It started when I decided to take a topic and teach it out of context. Expected value is usually taught as part of the carnival project, but it’s also the thing that kids understand the least.  This year I thought that teaching it outside of that project might make it easier.

Teaching it separate from the larger context, is dangerous because it’s always clear if the kids will transfer the ideas to between the two contexts.  However, because the context uses expected value in a really structured way, t’s real easy for kids to only see it as a set of procedures.  This time I figured I could avoid this if I came up with a new, amazing context!

Deal or No Deal immediately pops in to my head. Through understanding how to win the game, kids could understand expected value!  So I plan it. I make a power point, I find a deal or no deal  game online, (then I find another game online that isn’t blocked by the school filter) and I get ready to teach.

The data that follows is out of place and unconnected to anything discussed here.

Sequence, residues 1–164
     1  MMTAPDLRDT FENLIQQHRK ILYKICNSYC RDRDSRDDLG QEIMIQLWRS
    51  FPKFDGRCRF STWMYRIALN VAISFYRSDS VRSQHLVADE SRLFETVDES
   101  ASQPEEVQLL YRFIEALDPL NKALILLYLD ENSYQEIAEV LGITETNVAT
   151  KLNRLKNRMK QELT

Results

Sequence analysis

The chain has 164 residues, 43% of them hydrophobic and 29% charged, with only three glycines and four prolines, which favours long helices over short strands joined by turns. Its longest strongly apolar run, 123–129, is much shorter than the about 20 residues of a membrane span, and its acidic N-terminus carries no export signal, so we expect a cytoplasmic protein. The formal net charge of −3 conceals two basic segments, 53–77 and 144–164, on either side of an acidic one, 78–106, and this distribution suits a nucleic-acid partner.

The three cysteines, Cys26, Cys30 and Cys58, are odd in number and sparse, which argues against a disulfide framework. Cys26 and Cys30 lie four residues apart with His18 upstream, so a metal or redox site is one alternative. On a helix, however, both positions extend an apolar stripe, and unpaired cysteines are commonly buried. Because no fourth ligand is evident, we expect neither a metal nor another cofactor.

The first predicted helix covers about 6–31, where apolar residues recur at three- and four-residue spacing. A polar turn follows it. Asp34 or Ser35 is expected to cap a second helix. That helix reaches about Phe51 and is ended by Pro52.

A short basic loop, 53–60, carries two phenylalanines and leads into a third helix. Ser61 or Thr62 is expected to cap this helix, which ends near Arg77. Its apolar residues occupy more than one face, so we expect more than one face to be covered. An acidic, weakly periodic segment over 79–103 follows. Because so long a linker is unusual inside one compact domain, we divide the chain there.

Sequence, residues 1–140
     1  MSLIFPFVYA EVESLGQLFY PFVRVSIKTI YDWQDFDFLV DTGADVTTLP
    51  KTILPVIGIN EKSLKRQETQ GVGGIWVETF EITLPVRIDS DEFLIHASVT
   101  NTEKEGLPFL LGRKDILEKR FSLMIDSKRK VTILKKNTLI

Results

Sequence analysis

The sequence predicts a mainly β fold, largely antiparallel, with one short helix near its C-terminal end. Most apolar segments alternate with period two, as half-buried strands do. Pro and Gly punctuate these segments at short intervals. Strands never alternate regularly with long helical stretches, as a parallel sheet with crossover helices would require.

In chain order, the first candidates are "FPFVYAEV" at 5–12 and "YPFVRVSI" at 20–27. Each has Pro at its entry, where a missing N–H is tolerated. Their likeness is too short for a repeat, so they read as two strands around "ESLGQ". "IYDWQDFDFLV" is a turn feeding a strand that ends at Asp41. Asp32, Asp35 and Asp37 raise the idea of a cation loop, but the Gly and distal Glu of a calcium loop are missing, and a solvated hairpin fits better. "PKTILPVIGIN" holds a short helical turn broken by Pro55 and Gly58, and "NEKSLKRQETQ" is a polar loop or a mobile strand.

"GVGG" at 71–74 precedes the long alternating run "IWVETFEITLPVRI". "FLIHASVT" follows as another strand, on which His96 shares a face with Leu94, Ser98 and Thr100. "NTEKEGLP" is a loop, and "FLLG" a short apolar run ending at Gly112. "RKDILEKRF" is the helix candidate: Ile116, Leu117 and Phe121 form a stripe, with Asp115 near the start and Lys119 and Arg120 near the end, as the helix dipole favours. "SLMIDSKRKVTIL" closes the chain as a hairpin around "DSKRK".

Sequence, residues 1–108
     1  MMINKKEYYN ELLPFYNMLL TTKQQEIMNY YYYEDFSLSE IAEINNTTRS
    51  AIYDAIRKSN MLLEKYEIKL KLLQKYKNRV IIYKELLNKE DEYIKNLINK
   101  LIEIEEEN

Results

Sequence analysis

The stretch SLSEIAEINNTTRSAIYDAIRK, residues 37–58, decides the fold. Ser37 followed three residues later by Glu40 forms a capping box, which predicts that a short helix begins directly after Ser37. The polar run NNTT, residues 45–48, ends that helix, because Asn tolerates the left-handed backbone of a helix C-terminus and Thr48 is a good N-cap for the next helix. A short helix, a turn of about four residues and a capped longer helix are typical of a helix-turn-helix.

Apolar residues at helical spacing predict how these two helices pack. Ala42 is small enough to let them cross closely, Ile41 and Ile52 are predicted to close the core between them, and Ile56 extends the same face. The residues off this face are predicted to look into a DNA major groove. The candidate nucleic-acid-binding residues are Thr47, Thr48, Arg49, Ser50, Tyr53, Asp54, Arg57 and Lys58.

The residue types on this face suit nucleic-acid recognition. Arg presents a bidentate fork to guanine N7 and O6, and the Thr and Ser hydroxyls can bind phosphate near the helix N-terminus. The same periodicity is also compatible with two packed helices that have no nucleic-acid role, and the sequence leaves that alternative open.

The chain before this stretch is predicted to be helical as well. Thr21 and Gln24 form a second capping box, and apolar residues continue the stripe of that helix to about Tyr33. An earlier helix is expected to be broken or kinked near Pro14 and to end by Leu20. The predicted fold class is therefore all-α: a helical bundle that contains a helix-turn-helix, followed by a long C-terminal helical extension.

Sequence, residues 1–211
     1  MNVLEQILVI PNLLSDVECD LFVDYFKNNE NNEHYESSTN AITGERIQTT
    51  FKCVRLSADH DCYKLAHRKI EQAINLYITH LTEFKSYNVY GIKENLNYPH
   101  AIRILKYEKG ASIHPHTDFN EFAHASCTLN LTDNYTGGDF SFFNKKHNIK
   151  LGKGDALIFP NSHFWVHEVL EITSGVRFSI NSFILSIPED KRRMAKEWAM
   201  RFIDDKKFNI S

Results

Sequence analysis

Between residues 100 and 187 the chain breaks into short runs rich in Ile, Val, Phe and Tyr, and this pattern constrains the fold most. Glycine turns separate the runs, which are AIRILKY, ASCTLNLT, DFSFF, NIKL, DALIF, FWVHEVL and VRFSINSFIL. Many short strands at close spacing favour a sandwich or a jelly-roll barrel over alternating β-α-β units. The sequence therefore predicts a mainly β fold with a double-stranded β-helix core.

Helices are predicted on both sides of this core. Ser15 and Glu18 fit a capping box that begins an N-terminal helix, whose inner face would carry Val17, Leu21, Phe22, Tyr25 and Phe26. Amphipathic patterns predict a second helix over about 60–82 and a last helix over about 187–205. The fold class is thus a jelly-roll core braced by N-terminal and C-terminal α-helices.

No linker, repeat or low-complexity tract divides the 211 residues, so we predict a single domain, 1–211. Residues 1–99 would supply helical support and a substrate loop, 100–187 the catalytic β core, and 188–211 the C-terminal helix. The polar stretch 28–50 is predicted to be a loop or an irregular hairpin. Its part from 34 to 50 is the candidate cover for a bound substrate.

I get up in front of class and suddenly the game starts expanding. The two minute explanation of the rules becomes five minutes of a really enthusiastic student describing her favorite episode. The five minute example game which should show how to make decisions using expected value turns into 10 minutes of me explaining to everyone that “I’d  just keep playing, ’cause, ‘why not?'” isn’t the best strategy.

All of a sudden, 45 minutes fly by and I realize the awesome lesson that I envisioned turned into almost a whole period of my voice.  Perhaps I should have been more cognizant of what students would need to be doing for this topic to be explored, instead of trying to squeeze in all the “flash”.  Instead I tried to squeeze a whole separate exploration with a big meaty context inside of one the kids were already invested in. We’ll see on Monday if we can get back on track.

13/30 #MTBoS